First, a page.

Challenges and Consequences: The Debate on Reducing Value Added Tax

The Minister for Finance, Biman Prasad, stated yesterday that lowering the Value Added Tax (VAT) from 15 percent to nine percent would result in a $600 million revenue loss for Fiji.

During his parliamentary address, Mr. Prasad emphasized that reducing VAT was currently not feasible.

“If we reduce VAT from 15 to nine percent, we will lose $600 million in revenue,” he reiterated.

“For every one percent reduction in VAT, approximately $100 million in tax revenue is lost. The critical question is, how do we offset this loss? Should we increase the fiscal deficit to double digits and secure a $600 million loan, or cut expenditure by the same amount? It’s easy for critics to propose lowering VAT without addressing how to cover the revenue shortfall.”

Mr. Prasad pointed out that opposition members had previously overseen a 15 percent VAT rate with no exemptions during their time in government.

“Increasing VAT from nine percent to 15 percent in the last budget involved thorough analysis, exploration of various options, expert consultations, and discussions with multilateral partners. It was a challenging decision, so we had to ensure it was correct,” Mr. Prasad explained.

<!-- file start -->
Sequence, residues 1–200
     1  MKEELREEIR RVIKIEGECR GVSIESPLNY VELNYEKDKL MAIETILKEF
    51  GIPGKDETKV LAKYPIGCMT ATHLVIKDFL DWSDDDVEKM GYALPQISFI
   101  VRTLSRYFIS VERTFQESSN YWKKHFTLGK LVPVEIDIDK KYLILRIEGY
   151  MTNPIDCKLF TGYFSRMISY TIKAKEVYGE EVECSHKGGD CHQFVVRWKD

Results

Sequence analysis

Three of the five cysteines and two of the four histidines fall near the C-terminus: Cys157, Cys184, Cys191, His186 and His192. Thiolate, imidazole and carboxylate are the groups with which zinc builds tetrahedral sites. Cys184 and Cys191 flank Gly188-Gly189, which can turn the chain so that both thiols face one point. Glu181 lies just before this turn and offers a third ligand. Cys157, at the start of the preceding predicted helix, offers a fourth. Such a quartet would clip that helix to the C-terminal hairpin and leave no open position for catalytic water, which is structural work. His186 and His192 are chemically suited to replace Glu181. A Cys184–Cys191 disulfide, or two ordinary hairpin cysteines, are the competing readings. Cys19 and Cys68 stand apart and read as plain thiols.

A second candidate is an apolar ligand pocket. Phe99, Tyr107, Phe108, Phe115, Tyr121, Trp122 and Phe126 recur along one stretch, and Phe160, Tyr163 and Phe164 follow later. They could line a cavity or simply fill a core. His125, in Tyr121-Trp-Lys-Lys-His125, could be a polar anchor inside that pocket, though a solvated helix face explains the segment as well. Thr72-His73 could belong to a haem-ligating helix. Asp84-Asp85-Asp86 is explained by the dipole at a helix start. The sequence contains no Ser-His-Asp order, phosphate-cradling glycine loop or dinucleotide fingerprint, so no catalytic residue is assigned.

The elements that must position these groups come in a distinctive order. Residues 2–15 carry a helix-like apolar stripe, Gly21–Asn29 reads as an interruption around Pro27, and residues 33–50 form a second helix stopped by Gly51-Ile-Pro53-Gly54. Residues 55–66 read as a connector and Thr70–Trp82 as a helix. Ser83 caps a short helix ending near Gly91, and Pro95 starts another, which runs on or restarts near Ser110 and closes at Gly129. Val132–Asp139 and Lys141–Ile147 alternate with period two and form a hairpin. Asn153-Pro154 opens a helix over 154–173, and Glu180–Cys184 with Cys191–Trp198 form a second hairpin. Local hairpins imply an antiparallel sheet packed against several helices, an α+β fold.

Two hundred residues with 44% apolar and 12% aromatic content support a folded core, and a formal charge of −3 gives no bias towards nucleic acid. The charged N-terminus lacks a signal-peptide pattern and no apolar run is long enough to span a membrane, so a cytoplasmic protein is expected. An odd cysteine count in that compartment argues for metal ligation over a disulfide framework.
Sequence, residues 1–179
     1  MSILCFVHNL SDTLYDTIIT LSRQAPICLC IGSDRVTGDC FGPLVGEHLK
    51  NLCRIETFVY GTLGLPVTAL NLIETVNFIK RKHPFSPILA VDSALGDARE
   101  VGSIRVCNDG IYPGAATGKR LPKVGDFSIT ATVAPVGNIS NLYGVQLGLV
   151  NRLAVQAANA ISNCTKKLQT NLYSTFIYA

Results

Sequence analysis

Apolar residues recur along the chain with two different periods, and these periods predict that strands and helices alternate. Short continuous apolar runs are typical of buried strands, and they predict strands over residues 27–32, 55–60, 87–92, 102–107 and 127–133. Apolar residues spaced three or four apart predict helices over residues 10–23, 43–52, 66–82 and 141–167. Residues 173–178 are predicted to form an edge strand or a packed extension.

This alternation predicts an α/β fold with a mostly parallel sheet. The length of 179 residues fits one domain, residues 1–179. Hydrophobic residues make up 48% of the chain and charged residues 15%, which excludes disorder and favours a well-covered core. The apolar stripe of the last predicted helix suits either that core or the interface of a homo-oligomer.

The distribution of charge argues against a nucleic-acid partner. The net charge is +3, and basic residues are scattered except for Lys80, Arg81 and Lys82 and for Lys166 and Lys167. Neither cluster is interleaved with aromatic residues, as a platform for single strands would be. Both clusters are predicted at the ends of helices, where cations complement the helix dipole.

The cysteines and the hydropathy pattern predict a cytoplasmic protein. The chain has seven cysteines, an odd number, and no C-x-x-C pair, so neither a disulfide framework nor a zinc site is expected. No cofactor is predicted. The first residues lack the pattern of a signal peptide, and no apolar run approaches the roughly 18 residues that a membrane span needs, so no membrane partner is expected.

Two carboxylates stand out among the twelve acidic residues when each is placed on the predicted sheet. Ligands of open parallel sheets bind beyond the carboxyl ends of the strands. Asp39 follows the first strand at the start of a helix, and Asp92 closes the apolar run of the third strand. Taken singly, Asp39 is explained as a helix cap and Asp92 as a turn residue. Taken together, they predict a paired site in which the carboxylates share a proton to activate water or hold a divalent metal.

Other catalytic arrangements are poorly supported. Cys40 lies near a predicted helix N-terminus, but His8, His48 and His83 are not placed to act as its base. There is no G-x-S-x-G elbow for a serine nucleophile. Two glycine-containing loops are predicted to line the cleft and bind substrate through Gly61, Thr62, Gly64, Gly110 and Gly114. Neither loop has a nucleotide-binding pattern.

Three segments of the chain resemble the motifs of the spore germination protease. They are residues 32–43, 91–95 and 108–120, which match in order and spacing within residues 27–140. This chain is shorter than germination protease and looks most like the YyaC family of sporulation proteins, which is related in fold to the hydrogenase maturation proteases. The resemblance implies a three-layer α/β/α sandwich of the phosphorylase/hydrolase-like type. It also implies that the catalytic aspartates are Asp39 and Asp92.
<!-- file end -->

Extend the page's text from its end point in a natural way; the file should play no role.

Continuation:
“Despite the absence of VAT on 22 items, prices have risen due to higher production costs and other factors like freight, insurance, and storage, which are beyond our control.”

He added that the government is exploring various tools and policies to provide relief, with the Minister for Trade and the Fijian Competition and Consumer Commission (FCCC) actively working on potential solutions.

Mr. Prasad also highlighted that Fiji’s major trading partners are experiencing high inflation rates, which, due to trade links, elevate import prices and significantly affect Fiji.


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